Most if not all non-laying fowl only needs 1 to 1.5 % Calcium in the diet, this amount of Calcium is usually in feeds like game bird, turkey, starter and grower feeds.

    If one feeds a layer feed to non-laying fowl then there getting nearly twice the amount of Calcium they need and when chicken are feed a feed that is high in Calcium it can lead to kidney failure.


    Chris
     
  5. capow21

    capow21 Out Of The Brooder

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    Thank you all for your responses. I bought the same layer pellets, because I went to the feed store before anyone had replied. So, next time I should look into something else. I checked the bag and this feed has 3.5% calcium. I do have a small dish with oyster shell free-choice, but not many use it and I think most of the hens are still laying some, just only a couple of days a week. I'm sure they still don't need the 3.5%.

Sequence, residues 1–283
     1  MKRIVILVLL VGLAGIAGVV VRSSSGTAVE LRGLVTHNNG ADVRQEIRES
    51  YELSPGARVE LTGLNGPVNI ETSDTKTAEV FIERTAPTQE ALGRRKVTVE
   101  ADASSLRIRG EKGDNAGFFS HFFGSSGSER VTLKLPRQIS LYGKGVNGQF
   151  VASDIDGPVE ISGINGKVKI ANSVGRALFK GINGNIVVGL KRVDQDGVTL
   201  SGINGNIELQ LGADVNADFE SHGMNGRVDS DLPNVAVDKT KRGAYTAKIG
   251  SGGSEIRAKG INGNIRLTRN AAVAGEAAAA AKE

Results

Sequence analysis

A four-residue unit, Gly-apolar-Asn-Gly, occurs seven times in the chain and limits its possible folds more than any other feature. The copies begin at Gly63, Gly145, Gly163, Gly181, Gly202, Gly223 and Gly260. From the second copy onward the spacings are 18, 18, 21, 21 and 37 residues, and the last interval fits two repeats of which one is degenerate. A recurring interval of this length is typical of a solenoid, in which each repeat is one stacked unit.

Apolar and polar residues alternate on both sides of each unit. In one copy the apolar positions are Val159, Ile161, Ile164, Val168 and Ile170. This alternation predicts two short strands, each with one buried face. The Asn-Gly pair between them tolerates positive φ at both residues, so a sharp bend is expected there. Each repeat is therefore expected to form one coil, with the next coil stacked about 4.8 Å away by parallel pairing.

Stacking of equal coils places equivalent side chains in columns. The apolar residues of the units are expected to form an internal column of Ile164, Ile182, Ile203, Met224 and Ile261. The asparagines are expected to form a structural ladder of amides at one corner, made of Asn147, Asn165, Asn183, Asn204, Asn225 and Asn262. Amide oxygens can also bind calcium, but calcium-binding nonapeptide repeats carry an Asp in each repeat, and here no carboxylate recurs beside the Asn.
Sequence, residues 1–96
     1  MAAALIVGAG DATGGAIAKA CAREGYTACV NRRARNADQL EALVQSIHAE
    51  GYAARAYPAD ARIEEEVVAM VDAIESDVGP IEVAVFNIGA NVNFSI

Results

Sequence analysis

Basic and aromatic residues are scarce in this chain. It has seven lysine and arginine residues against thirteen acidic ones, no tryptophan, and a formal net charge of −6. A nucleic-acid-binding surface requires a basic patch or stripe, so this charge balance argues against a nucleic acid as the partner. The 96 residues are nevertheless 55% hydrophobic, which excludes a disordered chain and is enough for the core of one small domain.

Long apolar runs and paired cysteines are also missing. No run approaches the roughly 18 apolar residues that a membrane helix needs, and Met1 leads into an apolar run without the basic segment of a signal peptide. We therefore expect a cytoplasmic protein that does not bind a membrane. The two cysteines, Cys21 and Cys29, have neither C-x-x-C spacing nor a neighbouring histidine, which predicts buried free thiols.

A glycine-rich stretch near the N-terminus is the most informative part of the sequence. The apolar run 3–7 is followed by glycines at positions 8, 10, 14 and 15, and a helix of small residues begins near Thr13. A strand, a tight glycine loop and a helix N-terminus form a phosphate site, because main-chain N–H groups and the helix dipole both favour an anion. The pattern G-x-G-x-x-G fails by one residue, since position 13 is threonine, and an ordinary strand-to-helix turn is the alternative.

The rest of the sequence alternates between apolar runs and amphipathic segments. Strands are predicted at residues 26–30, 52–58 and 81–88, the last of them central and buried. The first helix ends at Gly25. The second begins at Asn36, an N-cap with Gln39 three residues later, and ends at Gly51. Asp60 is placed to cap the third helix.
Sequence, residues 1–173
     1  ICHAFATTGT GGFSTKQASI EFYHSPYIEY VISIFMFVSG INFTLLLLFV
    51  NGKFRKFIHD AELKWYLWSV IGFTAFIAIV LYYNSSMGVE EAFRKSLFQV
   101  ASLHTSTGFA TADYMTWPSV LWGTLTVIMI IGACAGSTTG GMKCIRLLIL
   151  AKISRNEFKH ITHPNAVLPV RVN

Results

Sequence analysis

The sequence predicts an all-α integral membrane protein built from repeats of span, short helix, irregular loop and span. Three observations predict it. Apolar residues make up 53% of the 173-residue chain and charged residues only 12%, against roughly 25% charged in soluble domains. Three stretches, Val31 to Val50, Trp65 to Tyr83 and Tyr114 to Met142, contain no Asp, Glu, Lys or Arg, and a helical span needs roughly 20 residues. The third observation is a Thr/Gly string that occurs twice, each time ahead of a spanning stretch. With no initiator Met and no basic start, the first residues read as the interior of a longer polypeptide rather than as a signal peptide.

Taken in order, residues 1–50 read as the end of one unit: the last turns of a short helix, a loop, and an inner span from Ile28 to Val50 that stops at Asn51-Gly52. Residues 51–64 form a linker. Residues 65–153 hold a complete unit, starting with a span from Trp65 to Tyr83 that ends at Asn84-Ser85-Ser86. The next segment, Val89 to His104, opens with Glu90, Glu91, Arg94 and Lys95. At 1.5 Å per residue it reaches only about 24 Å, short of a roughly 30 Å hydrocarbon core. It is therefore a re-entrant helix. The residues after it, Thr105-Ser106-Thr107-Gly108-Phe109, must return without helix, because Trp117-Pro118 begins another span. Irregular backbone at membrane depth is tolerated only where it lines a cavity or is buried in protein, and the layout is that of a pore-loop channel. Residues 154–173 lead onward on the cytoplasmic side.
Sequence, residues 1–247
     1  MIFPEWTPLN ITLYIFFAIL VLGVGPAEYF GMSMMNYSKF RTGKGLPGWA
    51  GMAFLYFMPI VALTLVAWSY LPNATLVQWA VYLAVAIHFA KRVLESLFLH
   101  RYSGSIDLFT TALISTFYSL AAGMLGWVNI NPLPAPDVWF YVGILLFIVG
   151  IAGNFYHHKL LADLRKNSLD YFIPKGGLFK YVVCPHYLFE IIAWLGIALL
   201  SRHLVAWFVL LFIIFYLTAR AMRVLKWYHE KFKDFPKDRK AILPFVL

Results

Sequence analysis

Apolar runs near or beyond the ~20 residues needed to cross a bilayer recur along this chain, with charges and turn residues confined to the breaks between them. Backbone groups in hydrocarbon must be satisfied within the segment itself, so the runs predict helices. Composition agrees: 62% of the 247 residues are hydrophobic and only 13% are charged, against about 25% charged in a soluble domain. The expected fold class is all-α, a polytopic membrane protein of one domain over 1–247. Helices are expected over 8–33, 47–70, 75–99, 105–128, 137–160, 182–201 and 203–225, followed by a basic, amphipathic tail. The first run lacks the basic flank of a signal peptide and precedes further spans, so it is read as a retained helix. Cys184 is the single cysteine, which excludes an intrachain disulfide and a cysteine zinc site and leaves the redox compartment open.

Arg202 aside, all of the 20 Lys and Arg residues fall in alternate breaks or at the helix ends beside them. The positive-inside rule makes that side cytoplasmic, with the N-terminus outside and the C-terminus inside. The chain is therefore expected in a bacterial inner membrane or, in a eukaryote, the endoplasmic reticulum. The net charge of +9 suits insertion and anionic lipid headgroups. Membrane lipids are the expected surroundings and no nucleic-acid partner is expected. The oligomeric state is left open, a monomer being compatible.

You're right about the Rooster and he doesn't need all of the calcium.

    Next question, is your grower labeled as grower feed only? I think when my flock were chicks the feed was a starter/grower for wild game, turkey, and pretty much all fowl. If that is the case and they do not carry a separate grower, what would be your next suggestion?
     
  6. Chris09

    Chris09 Circle (M) Ranch

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    Some feed mfg. have a Starter and a Grower others will have just a Starter/ Grower or a Conditioner.
    I like to use Game Bird feed, I can get a Starter, Conditioner, Layer, and Maintenance.